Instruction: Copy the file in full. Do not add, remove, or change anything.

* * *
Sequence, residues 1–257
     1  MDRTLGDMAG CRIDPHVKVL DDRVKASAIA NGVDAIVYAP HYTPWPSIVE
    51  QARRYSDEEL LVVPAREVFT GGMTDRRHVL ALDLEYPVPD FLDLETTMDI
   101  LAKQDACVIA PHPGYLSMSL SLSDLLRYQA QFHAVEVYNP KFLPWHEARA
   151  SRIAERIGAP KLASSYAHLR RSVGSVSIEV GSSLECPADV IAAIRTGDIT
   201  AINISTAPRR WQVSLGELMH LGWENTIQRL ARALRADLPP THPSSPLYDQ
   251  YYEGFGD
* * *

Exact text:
Sequence, residues 1–257
     1  MDRTLGDMAG CRIDPHVKVL DDRVKASAIA NGVDAIVYAP HYTPWPSIVE
    51  QARRYSDEEL LVVPAREVFT GGMTDRRHVL ALDLEYPVPD FLDLETTMDI
   101  LAKQDACVIA PHPGYLSMSL SLSDLLRYQA QFHAVEVYNP KFLPWHEARA
   151  SRIAERIGAP KLASSYAHLR RSVGSVSIEV GSSLECPADV IAAIRTGDIT
   201  AINISTAPRR WQVSLGELMH LGWENTIQRL ARALRADLPP THPSSPLYDQ
   251  YYEGFGD